Once you register on the site, you can return again and again and take several tests, but if at any time you decide you would rather not participate, you can just close your browser to quit. The site is secure and will protect your privacy. According to scistarter.com, there are more than 90 different topics being tested. They seem to appear in a random order.
So far I’ve taken two of the tests, and the first one took me about 15 minutes. The second one took less than 10 minutes. They were not difficult tests, although figuring out what they were testing was a puzzle. Although I was given results at the end, I still wasn’t sure what it was about. However, I’m happy to help research as I continue my year of citizen science projects. Speaking of which, I have one to go! If you’ve enjoyed participating in any of these projects, I’d love to hear about it.
It’s that time of year when I am making an extra effort to check the weather report everyday because I never know if there’s going to be a frost, so I need to bring some plants inside, or if the day will be unusually warm, so I need to pull out some T-shirts for my boys. This is why I am happy to help the National Severe Storms Laboratory (NSSL) with their Meteorological Phenomena Identification Near the Ground (mPING) project.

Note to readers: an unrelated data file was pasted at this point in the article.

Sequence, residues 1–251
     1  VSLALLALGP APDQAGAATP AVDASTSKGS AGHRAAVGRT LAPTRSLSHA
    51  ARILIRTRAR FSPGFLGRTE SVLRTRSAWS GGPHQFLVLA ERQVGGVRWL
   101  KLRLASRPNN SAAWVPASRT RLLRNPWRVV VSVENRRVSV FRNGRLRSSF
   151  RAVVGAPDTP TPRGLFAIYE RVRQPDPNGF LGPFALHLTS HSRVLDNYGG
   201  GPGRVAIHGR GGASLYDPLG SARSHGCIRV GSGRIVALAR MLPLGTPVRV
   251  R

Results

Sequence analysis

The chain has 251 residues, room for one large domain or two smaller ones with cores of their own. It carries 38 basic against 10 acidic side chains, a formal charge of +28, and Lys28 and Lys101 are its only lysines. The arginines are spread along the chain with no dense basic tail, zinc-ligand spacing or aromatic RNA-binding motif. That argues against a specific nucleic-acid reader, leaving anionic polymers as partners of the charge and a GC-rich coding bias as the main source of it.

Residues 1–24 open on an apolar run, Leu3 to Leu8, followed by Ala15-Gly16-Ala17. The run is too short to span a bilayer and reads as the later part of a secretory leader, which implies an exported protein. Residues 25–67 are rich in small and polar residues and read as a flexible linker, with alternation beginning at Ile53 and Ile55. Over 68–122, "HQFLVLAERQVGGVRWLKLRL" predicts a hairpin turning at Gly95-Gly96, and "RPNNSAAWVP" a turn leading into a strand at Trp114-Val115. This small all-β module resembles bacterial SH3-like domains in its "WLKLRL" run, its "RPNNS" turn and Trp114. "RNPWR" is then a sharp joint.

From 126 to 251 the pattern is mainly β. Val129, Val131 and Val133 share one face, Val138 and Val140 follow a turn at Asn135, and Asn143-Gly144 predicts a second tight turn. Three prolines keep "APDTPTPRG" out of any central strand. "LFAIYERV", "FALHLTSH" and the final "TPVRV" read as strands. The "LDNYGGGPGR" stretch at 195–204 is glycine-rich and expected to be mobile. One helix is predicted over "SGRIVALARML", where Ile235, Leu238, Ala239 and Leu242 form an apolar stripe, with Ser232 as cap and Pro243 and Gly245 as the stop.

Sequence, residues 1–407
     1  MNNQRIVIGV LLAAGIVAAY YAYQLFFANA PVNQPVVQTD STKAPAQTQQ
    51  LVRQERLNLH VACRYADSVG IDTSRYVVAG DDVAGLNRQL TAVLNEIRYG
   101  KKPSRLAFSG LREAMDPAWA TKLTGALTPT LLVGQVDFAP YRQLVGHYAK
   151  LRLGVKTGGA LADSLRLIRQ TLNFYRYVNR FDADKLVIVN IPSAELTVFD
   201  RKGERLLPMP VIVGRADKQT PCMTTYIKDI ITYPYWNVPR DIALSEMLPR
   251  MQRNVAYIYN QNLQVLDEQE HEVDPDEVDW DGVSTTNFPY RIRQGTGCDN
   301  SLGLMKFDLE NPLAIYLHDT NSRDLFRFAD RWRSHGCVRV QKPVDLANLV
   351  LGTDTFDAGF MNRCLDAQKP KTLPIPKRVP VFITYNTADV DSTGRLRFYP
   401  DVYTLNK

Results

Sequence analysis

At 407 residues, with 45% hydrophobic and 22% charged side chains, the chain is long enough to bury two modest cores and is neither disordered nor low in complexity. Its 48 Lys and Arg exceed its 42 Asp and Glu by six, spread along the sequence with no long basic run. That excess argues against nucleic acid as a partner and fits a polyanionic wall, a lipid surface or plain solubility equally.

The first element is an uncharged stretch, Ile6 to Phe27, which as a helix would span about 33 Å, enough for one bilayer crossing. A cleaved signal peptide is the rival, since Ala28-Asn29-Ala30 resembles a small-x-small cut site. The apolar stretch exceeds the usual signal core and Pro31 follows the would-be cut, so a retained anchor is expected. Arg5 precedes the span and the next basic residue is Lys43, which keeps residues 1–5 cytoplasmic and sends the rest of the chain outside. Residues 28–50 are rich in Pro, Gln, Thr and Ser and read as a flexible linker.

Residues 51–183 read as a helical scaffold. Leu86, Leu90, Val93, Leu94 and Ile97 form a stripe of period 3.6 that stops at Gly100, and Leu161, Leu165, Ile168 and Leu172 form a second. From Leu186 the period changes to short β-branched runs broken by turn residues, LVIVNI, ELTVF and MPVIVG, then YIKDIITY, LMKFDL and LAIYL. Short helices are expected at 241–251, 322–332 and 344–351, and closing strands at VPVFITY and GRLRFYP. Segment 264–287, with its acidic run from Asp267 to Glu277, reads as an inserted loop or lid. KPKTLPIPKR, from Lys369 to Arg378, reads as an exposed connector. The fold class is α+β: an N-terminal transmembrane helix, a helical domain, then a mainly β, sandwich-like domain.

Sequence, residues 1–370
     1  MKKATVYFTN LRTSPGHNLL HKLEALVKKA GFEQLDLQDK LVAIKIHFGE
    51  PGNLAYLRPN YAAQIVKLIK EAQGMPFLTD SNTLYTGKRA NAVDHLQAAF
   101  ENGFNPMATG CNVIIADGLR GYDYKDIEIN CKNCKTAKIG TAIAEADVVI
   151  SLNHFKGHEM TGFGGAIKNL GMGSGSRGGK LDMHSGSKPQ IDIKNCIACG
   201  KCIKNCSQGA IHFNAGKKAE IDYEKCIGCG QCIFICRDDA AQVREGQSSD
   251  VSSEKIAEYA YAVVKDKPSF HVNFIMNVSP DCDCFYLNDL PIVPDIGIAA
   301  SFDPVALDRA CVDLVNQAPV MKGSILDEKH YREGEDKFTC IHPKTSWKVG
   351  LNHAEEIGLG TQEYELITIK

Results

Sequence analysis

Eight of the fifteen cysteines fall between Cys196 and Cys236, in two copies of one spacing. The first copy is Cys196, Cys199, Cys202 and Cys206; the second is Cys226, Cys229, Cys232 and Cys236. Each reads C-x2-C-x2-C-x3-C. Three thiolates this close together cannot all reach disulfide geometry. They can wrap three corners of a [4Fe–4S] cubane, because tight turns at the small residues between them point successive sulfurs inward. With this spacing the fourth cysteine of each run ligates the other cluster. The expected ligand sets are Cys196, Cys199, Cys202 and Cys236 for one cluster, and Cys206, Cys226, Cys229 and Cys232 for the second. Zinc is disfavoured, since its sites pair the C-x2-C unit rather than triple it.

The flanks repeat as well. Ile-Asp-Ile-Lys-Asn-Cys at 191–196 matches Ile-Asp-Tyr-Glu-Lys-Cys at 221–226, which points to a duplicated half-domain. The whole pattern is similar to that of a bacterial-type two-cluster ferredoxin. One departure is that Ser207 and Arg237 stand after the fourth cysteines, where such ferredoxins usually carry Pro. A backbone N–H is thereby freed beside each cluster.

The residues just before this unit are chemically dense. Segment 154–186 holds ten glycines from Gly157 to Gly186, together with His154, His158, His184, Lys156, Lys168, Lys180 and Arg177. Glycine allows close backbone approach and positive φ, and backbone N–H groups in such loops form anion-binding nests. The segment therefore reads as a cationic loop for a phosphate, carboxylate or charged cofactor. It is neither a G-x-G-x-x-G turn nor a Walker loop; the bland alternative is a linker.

That may be a mouthful of a project name, but it’s actually quite simple. The NSSL created an app called mPing so that everyone, including you, can quickly report the weather in your area. The information you send is completely anonymous. This is helpful because weather radars cannot see the ground level. According to their website, these reports are used by the NOAA National Weather Service to fine-tune their forecasts, and the NSSL uses them to develop new radar forecasting technologies and techniques.
I downloaded the app onto my smartphone, and I was happy to see that it’s very easy to use. You simply tap “Report Type,” and pick the appropriate report, such as “Rain” or “Hail.” You may be asked more specific questions such as the approximate size of the hail, etc. After that is done, you simply tap “Submit Report.” This is especially helpful to do before, during and after a storm.
For more citizen science project ideas, click here!
I know I have claimed past citizen science projects as easy to do, but Project Squirrel must surely be the easiest. That is, if you live in an area with squirrels. There is a guide on the website that will help you identify the kind of squirrels that live in your area. In my yard, we only have grey squirrels.